Stevie Nicks carries her bedroom with her wherever she goes.
Her past and present boyfriends, her girlfriend-confidantes,
her diary jottings, her dreams, her embroidered bedspreads,
her I-just-got-up croak, her nightie -- these are the
ingredients of her fairy-tale world. It is a big pink satin
pillow, and she is its princess. On the pink pillow, time
stands still. It is forever 1342, when Snow White did tricks
with mirrors, or maybe 1977, when Fleetwood Mac's Rumours
sold eight kazillion copies and emboldened Stephanie L. Nicks
to make art of her dreams and diary jottings. Certainly
nothing has penetrated that world since the discovery of Tom
Petty. No, scented with pampered womanliness and echoing with
the sighs of ancient Romantic myths, the pillow makes its own
the world of Princess Stevie tend to drift on clouds of
vaporous references to storybook figures -- gypsies,
white-winged doves, enchanted forests, every so often a
distinctly lowercase "velvet underground" -- but
cleverly omit any story. Except for the oldest story in the
book, Love. "Gate and Garden" begins with some
gibberish about a gate that can be guarded, but "it is
not heaven/And it has a garden/So to the red rose/Grows the
passion." But you'll never remember the song except as
the one where she sings 400 times "Do I love you?"
Or how about this grocery list of lyric? "Learn to be a
stranger/Blond on blond/In silence she says...'excalibur'/I
beg of your now/What was it that fell." In other words,
she went to the movies with Ryan O'Neal, made out, and now she
wants to know (see chorus) "Was it love?" You can go
crazy and blind trying to make sense of these communiques. the
trick is to sit back, erase the meaning of the words with
mental floss, zero in on Princess Stevie's throbbing voice,
and imagine what drama of the soul she is trying to enact.
"Beauty and the Beast," which closes her latest
album, The Wild Heart, is a good example. You would
probably gag if you really thought she was re-interpreting
Cocteau's movie or being serious when she whispers "le
bÍte...le bÍte..." It's really an interior argument
in which she's chastising herself for being so beastly to
lovers who aren't as beautiful as herself. The orchestral
arrangement by Paul Buckmaster and Kenneth Whitfield
represents her tears of repentance and redemption. Listen
closely and I'm sure you'll agree.
Princess Stevie parks her pink pillow in public, and it is
something to see. At the Byrne Arena in New Jersey, June 24,
the father of the princess introduced her, and she fluttered
on in a flashdance of fabric like a moth sacrificing herself
to the flame. The royal voice had been ravaged by solo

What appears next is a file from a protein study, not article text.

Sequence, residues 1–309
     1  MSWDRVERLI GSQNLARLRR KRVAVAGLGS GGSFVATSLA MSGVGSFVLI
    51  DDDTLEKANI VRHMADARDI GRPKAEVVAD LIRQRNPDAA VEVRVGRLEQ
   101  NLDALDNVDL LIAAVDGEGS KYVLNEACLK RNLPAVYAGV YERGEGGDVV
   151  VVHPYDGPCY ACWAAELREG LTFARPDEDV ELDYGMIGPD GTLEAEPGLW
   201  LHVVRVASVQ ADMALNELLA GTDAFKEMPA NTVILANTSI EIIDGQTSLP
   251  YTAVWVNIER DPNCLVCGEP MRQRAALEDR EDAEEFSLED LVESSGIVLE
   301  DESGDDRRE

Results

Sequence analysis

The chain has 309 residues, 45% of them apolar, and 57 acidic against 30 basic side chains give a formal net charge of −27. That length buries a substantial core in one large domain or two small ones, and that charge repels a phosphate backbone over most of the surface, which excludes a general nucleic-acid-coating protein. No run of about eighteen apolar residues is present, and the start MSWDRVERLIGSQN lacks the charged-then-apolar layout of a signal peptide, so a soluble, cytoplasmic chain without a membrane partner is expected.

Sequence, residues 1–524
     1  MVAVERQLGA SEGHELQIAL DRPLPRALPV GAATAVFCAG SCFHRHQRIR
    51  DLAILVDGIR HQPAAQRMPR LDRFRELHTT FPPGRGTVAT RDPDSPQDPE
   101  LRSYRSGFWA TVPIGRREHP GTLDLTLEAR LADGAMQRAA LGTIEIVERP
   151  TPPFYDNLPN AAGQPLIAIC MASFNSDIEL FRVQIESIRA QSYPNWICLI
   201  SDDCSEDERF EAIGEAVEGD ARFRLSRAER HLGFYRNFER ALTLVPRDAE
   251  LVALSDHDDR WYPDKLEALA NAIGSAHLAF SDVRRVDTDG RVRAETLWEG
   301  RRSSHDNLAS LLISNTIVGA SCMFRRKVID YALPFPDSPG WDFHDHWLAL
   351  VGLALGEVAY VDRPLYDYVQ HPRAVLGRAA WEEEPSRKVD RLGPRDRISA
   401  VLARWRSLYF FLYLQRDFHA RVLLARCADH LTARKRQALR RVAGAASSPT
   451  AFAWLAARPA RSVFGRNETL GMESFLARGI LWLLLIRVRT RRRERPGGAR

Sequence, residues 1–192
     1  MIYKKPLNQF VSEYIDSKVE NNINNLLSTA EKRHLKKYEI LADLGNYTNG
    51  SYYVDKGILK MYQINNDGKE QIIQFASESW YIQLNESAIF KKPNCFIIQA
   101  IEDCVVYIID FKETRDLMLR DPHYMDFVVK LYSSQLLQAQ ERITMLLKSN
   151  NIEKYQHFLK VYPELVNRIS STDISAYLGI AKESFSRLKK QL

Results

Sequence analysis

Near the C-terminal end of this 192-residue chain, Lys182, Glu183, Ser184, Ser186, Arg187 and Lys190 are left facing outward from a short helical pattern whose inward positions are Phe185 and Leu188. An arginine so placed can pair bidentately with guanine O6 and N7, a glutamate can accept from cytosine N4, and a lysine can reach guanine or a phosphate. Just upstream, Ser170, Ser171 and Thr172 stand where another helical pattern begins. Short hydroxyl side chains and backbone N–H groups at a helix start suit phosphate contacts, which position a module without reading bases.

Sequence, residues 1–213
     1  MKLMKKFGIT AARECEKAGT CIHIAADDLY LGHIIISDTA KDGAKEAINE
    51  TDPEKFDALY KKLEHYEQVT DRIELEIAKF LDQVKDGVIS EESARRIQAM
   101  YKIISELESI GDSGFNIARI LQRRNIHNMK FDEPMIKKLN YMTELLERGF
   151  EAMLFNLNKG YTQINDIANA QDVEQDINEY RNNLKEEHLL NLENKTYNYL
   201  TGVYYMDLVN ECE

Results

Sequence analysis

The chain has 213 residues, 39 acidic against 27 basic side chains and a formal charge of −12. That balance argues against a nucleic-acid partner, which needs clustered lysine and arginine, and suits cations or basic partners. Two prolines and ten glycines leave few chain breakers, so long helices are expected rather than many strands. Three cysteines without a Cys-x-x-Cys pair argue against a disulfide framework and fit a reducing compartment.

singing; that quivering bee-sting so attractive when buzzing
around her Fleetwood Mac fellows or harmonizing with the likes
of Walter Egan and Tom Snow was now a cracked husk. It only
carried at all when boosted by Waddy Wachtel on "Stop
Dragging My Heart Around" and by her backup singers on
"If Anyone Falls." The audience did not mind. They
showered her with applause, flowers, and gifts, and she waited
at the front of the stage until she had collected every last
trinket before staggering back to the pink pillow with her
booty. Her rigorous collection of these tributes seemed almost
unattractively zealous, but perhaps when you're a princess you
deserve Christmas every day.
is one of two genuinely impressive things about Steve Nicks.
It is impossible to imagine Christine McVie, a superior
singer, or Lindsey Buckingham, a superior musician and
composer, filling the Byrne Area with enthusiastic fans. of
all the Fleetwood Mac team, the princess has the most marginal
talent yet the strongest persona. Like Dan Fogelberg, she
legitimizes sentimental teenage verse and embodies the
adolescent's desire to be the center of the universe: to each
his own pink pillow.
impressive -- and mysterious -- is how the fragmented bits of
schoolgirl poetry and undigested scraps of emotion that Stevie
Nicks produces somehow cohere as songs. Although my favorites
of her records are songs written by Petty ("Stop Draggin'"
and "I Will Run to You"), tunes like Tusk's
"Beautiful Child" and The Wild Heart's "Nightbird"
(a detailed description of her makeup) give me continued
pleasure. I suspect their musical appeal owes something to the
professional prowess of the various producers and musicians
involved, who have a hand in completing the songs. But the
same outrageous self-indulgence that makes Stevie Nicks the
pampered princess of rock and roll also gives her music an
identity that is fascinating in its firmness and, on the
mindless level it inhabits, even admirable. After all, you
can't argue with excess.